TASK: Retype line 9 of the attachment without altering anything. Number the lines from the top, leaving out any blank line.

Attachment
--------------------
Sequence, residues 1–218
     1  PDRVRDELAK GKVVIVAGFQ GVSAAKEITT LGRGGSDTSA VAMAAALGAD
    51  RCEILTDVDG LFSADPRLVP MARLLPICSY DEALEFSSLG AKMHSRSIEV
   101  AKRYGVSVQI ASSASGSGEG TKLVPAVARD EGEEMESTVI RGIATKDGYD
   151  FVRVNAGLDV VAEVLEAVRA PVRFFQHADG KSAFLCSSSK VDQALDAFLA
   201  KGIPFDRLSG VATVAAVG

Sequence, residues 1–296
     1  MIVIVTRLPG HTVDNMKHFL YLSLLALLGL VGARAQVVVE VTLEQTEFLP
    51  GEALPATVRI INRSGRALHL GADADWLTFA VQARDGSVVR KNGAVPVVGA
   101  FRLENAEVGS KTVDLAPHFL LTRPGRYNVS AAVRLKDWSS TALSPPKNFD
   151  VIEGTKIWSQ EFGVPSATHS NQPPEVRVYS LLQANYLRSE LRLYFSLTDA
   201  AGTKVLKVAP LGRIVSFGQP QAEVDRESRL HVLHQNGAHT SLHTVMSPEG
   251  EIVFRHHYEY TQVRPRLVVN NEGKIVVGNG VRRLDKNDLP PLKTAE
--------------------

    51  GEALPATVRI INRSGRALHL GADADWLTFA VQARDGSVVR KNGAVPVVGA